Monday's papers are the last to come out before the Christmas holidays and most of them have come out in "Christmas garb" - front pages are awash with Christmas symbols - Santa Klaus, Christmas trees, Christmas decorations and a snapshot of an unhappy looking carp - the nation's Christmas dinner. Hundreds of thousands of them will end up in a frying pan caked in breadcrumbs.
"The Christmas shopping fever has reached a peak" says Mlada Fronta Dnes, and salesmen are rubbing their hands in glee. Once again Czechs have broken last year's sales record. What' s behind the shopping frenzy? According to the economics daily Hospodarske Noviny Czechs are spending more due to advantageous leases, pre-Christmas sales and the fact that in the past year wages have risen by an average 1,000 crowns.
Czechs have money to spend -and they feel good spending it, says Lidove Noviny. While in the past many people made shopping trips to Poland to buy cheaper goods at market stalls, today many Czechs are heading for Austria and Germany to shop in luxury boutiques. Ironically, many Austrians and Germans are taking advantage of the lower prices of food in the Czech Republic and are coming here in order to save money.
Why do our rich neigbours come to spend their money in local grocery stores and buy pirated goods from Vietnamese salesmen while the comparatively much poorer Czechs go for the original products in German and Austrian boutiques? There is no economic explanation for this, the paper says - but it is definitely an interesting phenomenon .
Shopkeepers in the Austrian border town of Gmund say Czechs are respected customers. Shoe salesman Roland Eichinger has told the paper that every third customer is Czech - and on weekends there are allegedly more Czechs in the store than Austrians. They want good quality and are prepared to pay for it, Eichinger says.
So with consumerism the name of the game have Czechs forgotten all about the spiritual dimension of Christmas? In an interview for today's Lidove Noviny the spokesman of the Czech Bishops Conference Daniel Herman says he doesn't condemn the shopping frenzy. Crowded shopping malls don't insult me. It is not un-Christian to eat good food and give gifts, Herman told the paper. It would be sad if that were all that there was to it. But, I think that the spiritual dimension is still present, behind the bright Christmas facade.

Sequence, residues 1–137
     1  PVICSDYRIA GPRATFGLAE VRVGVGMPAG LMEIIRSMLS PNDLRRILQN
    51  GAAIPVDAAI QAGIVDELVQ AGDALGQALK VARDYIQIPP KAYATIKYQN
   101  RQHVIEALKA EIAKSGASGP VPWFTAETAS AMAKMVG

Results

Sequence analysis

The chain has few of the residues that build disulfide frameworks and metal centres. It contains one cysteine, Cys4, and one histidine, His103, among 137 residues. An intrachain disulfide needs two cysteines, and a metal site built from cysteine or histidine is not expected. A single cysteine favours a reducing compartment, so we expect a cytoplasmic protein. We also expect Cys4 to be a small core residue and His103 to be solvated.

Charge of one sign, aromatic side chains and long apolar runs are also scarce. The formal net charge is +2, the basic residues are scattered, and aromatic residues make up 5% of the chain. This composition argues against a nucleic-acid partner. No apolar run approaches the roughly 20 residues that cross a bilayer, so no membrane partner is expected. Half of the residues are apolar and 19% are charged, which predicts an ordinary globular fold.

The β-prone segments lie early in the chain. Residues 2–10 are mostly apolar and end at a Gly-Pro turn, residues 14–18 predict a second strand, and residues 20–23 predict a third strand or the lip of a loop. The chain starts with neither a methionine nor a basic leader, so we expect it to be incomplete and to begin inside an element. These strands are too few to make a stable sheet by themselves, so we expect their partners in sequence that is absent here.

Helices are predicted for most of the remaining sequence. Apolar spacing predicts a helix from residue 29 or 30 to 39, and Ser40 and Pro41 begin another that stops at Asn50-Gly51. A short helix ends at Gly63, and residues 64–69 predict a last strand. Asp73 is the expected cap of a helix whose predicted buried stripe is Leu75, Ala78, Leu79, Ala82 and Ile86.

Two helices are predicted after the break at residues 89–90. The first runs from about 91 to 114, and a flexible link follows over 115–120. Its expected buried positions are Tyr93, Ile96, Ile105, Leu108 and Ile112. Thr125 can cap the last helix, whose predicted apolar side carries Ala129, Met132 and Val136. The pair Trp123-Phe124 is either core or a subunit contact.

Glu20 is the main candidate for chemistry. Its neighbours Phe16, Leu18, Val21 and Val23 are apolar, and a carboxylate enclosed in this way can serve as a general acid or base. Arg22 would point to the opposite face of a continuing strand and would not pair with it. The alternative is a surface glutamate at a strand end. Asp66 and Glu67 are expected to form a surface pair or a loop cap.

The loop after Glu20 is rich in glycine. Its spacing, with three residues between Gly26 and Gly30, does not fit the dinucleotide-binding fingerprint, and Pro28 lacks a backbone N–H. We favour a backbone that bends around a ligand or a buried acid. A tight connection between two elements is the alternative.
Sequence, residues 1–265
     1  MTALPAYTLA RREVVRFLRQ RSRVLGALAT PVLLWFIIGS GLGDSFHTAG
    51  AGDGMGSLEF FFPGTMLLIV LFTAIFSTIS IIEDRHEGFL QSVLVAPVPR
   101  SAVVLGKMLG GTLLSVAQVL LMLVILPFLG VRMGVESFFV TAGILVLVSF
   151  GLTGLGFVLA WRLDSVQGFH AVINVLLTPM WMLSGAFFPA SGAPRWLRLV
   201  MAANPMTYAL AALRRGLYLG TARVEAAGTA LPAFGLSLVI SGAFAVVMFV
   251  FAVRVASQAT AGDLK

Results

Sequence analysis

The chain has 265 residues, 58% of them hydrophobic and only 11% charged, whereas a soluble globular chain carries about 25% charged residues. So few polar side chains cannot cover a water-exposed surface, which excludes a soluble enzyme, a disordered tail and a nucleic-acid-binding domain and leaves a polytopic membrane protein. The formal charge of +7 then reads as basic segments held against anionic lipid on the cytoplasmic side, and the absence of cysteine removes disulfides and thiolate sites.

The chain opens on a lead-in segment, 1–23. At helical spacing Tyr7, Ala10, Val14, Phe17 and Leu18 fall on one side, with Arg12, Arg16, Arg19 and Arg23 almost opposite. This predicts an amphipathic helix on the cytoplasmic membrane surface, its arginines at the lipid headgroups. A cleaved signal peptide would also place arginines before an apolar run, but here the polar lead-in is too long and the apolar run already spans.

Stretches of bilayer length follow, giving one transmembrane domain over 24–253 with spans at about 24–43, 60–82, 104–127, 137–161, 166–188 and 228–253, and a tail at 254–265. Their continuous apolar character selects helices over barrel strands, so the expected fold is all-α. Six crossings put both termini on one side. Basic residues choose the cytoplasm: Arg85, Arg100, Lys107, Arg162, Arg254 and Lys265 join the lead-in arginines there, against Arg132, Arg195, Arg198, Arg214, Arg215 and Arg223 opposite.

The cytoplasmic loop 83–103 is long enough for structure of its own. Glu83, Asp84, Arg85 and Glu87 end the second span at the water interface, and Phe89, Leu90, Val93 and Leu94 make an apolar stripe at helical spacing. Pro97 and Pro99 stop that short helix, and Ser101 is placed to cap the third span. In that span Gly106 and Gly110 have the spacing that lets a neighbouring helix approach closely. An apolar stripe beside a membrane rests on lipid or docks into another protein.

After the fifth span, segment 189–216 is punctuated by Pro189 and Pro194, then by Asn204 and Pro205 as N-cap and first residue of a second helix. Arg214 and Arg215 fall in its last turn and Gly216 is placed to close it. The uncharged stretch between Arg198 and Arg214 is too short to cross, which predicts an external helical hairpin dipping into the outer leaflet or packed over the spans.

If consumerism killed the Christian spirit then people in the United States would be the worst off, but they are not, Herman says. More than 90% of Americans are believers and while they spend money they also give to charity. Christmas is about love, giving and sharing and I think that attitude is one that Czechs have embraced as well.
A report in today's Pravo seems to confirm Mr. Herman's words. For years now young people in some parts of the country decorate Christmas trees outside their living rooms. They decorate trees in the forest - with apples, nuts, and birdfeed.
Tomas Zdechovsky, who launched this fine tradition says that every year the number of decorated forest trees grows because more people want to join in. As for the local forest animals - they have become accustomed to this Christmas larder and use it as a welcome "shopping mall" of their own.
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